The effects of systemic hypoxia on colon anastomotic healing: An animal model

Jo Anne P. Attard, Manoj J. Raval, Gary R. Martin, Jon Kolb, Marjan Afrouzian, W. Donald Buie, David L. Sigalet

Research output: Contribution to journalArticlepeer-review

77 Scopus citations


PURPOSE: Acute postoperative systemic hypoxia occurs frequently in the clinical setting following intestinal resection, as a result of complications such as pneumonia, pulmonary edema, or the acute respiratory distress syndrome. Although it is well established that oxygen is essential for metabolism in general and intestinal anastomotic healing, the mechanisms by which systemic hypoxia affect this process are not clear. The purpose of this study was to establish an animal model to simulate acute systemic hypoxia and to examine the effects on anastomotic healing. We investigated the hypothesis that systemic hypoxia impairs anastomotic healing in the colon by disrupting revascularization via changes in the expression of two putative angiogenic factors: inducible nitric oxide synthase and vascular endothelial growth factor. METHODS: Phase I: Juvenile male Sprague-Dawley rats underwent carotid artery cannulation. In a controlled environment the FiO2 was incrementally decreased from 21 to 9 percent and the resultant PaO2 measured. Phase II: Animals underwent colonic transection with immediate reanastomosis and were placed in either a normoxic (FiO2 21 percent) or hypoxic (FiO2 11 percent) environment for seven days. Perianastomotic in vivo tissue oxygen saturation was measured before segmental colon resection in each of the animals and at seven days before measurement of anastomotic bursting pressure. Perianastomotic tissue samples were assessed by Western blot assay for the expression of vascular endothelial growth factor and inducible nitric oxide synthase protein. Sections from each tissue sample were taken and evaluated by a pathologist blinded to treatment group for determination of anastomotic healing score. RESULTS: Phase I: Incrementally decreasing the FiO2 resulted in a progressive decrease in PaO2 (r 2 = 0.77). Phase II: Animals maintained in a hypoxic environment had a significant decrease in tissue oxygen saturation (73 ± 9 percent vs. 94 ± 3 percent; P < 0.0001) and anastomotic bursting pressure (118 ± 18 mmHg vs. 207 ± 30 mmHg; P < 0.0001) compared with normoxic controls. Systemic hypoxia induced a significant increase, when compared with normoxic controls, in vascular endothelial growth factor (247.1 ± 9.5 vs. 142.2 ± 10.6; P < 0.0001) and inducible nitric oxide synthase (259.6 ± 21.1 vs. 120.2 ± 10.9; P < 0.0001) protein expression and led to a significant decrease in the overall wound-healing score. CONCLUSION: This study validates a new animal model to study the effects of acute systemic hypoxia on colonic anastomotic healing. In this model, systemic hypoxia directly translated into local tissue hypoxia, and anastomotic healing was impaired. Contrary to our original hypothesis, hypoxia led to a significant increase in vascular endothelial growth factor and inducible nitric oxide synthase protein expression at the colonic anastomotic site. Impairment in anastomotic integrity despite upregulation of these angiogenic factors could be a result of the inability of wounded tissue to respond to vascular endothelial growth factor and inducible nitric oxide synthase or alternatively, hypoxia may adversely affect collagen synthesis and deposition directly.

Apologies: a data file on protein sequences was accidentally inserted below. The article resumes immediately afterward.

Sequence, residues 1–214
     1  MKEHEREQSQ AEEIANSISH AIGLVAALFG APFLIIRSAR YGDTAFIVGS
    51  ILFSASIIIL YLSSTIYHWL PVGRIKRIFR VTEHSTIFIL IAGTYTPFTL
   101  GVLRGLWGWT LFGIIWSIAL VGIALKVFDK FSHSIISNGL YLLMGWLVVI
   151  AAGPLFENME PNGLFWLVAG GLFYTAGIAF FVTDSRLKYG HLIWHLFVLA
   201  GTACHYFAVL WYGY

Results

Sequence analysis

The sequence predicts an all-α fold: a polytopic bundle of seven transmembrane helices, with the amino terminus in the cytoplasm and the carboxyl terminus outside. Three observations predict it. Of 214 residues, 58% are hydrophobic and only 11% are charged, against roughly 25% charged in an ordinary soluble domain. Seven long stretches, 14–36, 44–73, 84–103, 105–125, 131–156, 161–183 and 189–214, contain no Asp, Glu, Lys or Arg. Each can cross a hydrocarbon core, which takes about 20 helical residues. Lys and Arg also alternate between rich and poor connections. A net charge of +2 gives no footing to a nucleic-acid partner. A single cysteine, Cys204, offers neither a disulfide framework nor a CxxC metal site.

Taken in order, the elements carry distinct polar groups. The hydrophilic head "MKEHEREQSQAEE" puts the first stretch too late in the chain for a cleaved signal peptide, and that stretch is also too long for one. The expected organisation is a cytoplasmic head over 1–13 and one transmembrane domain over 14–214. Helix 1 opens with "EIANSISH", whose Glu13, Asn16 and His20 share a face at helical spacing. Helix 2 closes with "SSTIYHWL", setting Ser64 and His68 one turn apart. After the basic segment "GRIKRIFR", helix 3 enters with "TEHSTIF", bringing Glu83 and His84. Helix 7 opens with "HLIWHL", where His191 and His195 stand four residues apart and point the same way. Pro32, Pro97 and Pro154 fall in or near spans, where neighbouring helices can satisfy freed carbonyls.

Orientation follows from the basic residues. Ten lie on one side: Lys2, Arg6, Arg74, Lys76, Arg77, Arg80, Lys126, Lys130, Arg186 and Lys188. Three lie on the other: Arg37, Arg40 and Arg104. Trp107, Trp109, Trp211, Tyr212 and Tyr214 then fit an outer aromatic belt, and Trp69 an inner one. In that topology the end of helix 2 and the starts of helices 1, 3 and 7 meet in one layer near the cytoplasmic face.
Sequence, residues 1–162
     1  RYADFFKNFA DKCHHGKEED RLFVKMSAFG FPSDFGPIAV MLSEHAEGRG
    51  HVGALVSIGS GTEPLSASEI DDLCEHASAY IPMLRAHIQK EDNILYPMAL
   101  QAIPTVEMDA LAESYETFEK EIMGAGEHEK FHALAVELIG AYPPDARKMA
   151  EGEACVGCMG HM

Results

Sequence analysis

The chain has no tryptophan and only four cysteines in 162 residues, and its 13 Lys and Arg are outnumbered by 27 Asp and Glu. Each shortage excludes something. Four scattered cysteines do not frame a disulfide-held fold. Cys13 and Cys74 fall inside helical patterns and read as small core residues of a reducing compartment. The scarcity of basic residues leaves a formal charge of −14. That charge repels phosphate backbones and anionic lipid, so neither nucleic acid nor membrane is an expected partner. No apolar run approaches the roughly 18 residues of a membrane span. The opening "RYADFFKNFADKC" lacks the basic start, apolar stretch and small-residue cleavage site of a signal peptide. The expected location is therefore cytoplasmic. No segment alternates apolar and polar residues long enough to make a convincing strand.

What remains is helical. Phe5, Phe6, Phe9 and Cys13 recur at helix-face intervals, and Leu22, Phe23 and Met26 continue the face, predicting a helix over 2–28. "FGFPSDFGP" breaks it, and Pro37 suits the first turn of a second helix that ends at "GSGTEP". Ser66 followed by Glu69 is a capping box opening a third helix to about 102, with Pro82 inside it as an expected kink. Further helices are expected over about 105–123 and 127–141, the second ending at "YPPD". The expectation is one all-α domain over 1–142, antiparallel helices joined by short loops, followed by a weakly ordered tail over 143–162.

Original languageEnglish (US)
Pages (from-to)1460-1470
Number of pages11
JournalDiseases of the Colon and Rectum
Issue number7
StatePublished - Jul 2005
Externally publishedYes


  • Anastomosis
  • Angiogenesis
  • Colon
  • Hypoxia
  • Nitric oxide synthase
  • Surgical
  • Vascular endothelial growth factor
  • Wound healing

ASJC Scopus subject areas

  • Gastroenterology


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